Economic issues have been front and center for everyone since mid-2008 when the current slowdown started to be felt. In an effort to get the best of political opponents, people of every stripe have thrown a considerable amount of blame in every direction, but most versions of the story have been woefully incomplete and inadequate if not outright false.
In Minnesota, the situation has been no different as titanic battles of the same sort have been faced and fought by opinionmakers and politicians. Try as they might, their analyses are just as shortsighted and doomed to failure as nearly everyone else’s due to too narrow a focus, lack of awareness, or even willingness to pander to simplistic thinkers.
Take the issue of health care. Everyone wants to talk about it, complain about it, and legislate about it. To the detriment of all, this fighting never once questions the fundamental system presently in place, the third-party payer system, preferring to leave that system completely intact, an effective rearrangement of peripheral details. If everyone did question the third-party payer system, local policymakers would suddenly discover that no matter what’s done in Minnesota, the system itself remains untouched, the system drawing its existence from Washington, D.C. and the power wielded there.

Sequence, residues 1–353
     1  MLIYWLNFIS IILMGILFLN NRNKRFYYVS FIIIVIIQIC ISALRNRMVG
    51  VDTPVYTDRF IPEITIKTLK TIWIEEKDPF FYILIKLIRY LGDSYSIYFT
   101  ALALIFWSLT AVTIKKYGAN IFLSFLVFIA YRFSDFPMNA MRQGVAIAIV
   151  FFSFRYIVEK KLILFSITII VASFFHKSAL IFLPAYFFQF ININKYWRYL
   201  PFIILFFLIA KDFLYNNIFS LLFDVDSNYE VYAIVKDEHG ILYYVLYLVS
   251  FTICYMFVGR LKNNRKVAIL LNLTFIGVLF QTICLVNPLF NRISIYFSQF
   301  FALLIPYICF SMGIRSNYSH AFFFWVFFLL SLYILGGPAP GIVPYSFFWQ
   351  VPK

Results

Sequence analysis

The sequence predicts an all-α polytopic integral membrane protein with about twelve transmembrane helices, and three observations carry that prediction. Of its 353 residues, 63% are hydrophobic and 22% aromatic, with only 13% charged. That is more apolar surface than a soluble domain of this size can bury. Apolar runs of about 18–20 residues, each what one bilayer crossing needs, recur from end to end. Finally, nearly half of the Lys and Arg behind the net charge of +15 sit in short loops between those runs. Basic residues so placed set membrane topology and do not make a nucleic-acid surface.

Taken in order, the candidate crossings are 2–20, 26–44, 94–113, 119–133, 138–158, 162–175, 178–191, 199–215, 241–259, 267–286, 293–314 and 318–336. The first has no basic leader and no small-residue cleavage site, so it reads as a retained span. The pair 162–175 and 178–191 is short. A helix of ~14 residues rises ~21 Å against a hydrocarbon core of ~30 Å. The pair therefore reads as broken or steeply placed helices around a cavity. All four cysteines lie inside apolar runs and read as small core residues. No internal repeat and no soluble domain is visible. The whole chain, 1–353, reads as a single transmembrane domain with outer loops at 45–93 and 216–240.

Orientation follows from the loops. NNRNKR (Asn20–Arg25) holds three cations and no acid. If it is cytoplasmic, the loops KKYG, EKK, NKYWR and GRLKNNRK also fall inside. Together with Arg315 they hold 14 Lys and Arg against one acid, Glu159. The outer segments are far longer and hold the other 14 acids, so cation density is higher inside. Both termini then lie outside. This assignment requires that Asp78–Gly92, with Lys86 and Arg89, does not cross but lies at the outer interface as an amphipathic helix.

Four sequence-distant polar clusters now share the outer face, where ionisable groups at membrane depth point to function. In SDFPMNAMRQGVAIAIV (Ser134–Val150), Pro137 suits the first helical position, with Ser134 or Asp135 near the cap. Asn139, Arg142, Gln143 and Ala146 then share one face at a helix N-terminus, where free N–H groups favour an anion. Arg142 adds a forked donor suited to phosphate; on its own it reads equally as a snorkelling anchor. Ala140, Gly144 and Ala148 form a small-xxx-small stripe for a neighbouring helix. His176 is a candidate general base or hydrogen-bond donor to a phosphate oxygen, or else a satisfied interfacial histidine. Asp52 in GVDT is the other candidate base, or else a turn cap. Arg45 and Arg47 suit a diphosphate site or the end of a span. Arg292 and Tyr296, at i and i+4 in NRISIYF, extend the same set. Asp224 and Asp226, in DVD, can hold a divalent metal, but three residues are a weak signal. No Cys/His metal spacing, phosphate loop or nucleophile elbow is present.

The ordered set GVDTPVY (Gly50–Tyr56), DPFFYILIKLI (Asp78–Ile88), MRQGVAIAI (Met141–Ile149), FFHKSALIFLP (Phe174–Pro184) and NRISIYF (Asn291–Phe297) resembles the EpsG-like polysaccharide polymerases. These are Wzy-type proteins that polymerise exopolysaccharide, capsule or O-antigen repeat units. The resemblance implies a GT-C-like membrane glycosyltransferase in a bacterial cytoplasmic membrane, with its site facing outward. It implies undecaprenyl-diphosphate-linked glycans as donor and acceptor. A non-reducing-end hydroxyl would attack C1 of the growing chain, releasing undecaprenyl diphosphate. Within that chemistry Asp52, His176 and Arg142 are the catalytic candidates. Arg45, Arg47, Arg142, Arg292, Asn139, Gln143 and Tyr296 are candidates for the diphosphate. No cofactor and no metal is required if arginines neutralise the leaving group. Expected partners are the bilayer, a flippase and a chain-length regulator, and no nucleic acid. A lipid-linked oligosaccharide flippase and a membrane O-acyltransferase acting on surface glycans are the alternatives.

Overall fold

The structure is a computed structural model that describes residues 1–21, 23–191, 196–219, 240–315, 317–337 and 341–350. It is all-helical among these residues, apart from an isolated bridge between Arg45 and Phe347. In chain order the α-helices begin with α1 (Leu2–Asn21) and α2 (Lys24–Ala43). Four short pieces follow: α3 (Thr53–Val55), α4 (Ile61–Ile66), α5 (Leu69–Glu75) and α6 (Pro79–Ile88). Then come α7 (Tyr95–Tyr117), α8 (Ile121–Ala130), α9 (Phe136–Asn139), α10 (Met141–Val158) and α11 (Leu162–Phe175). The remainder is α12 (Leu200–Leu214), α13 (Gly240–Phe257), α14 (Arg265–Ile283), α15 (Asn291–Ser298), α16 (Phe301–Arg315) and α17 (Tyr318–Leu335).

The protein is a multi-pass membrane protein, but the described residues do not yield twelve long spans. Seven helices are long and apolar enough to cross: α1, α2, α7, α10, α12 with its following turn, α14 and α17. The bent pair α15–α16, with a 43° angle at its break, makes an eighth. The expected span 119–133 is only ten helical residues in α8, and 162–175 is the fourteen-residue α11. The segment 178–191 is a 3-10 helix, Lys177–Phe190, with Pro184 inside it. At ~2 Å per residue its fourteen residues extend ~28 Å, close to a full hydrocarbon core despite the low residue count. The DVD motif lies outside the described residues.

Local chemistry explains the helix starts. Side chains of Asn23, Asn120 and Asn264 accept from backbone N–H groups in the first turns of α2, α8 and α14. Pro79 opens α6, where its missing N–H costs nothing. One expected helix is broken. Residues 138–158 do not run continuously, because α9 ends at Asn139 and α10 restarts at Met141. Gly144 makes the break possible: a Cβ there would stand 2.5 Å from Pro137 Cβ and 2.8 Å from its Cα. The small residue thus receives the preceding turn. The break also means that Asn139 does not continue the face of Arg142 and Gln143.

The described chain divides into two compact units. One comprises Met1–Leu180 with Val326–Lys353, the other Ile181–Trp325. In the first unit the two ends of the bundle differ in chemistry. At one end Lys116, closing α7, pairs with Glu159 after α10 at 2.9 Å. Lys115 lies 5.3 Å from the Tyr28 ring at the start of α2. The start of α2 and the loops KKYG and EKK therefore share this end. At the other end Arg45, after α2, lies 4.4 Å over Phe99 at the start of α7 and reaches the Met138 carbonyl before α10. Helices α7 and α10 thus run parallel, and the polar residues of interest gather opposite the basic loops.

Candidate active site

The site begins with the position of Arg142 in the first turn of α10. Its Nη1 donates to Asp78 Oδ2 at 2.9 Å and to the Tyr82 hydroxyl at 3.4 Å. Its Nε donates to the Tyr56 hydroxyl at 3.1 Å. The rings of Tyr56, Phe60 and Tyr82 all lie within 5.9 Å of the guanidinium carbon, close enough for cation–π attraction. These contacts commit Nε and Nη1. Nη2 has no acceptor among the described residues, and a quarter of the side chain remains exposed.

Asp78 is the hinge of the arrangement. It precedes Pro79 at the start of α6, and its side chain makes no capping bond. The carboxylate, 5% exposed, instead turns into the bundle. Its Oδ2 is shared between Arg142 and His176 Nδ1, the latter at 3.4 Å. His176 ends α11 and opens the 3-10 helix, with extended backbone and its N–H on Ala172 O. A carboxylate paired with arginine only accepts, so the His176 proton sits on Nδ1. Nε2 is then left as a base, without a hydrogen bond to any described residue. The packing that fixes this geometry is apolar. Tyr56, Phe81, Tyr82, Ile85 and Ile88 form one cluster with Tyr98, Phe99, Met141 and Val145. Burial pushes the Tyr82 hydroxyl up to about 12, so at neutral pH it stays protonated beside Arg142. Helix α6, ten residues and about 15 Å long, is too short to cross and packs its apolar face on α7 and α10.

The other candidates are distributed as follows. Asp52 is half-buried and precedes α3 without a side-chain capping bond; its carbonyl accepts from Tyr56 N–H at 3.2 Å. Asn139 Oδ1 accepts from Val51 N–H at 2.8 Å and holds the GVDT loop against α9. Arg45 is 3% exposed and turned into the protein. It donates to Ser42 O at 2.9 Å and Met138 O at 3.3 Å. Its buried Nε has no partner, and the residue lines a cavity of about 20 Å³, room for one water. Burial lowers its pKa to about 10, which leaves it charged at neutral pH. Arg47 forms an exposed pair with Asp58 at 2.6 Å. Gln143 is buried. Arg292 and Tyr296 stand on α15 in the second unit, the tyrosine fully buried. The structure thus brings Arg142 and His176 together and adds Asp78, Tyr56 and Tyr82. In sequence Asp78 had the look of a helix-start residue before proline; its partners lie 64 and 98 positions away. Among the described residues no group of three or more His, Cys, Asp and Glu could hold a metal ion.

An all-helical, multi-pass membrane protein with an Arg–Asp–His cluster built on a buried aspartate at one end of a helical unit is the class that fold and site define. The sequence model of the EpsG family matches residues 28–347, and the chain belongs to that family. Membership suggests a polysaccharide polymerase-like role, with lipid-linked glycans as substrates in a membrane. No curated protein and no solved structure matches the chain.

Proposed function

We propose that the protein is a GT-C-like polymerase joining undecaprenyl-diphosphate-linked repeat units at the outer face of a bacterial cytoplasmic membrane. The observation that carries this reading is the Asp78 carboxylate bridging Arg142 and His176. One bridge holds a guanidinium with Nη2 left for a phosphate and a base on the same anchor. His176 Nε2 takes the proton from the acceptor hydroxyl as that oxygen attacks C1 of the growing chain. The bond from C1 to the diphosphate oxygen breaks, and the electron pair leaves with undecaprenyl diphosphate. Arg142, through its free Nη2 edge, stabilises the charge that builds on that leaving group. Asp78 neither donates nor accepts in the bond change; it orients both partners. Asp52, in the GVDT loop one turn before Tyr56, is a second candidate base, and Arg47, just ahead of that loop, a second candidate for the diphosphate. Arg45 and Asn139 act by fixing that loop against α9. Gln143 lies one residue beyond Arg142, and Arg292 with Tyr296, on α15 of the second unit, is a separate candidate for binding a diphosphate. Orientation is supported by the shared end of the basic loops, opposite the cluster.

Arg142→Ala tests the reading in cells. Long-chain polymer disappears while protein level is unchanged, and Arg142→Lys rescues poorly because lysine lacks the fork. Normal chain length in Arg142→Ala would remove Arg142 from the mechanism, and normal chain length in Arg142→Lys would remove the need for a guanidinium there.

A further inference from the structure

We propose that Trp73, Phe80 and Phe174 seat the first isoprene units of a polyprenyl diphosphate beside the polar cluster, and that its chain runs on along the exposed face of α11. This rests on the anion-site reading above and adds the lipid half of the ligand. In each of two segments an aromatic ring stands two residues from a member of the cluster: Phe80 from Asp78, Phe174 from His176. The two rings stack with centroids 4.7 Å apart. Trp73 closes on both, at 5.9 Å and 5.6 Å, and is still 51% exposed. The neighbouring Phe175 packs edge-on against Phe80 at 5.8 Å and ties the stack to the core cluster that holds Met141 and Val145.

The current health care system came into being back in the 1940’s under the Roosevelt Administration. As part of the war effort at the time, the administration imposed a wage freeze. To placate complaints that cropped up in the wake of the freeze, the administration made an offer to employers: pay for employees’ health care and employers could take a tax deduction for the expense. In this way, the federal government created the health care and benefits industries as we know them overnight. All of the abuses that have followed can be blamed on that initial act by the Roosevelt Administration because that act called into existence the entire system as we know it.
Worse yet, one must work at a job for someone else to participate in that artificially-created system, a system that has only seen more meddling from the federal and state levels.
Until the government-created, third-party payer system is questioned in its entirety, nothing will change. Challenge that system, and true health care reform can become a reality.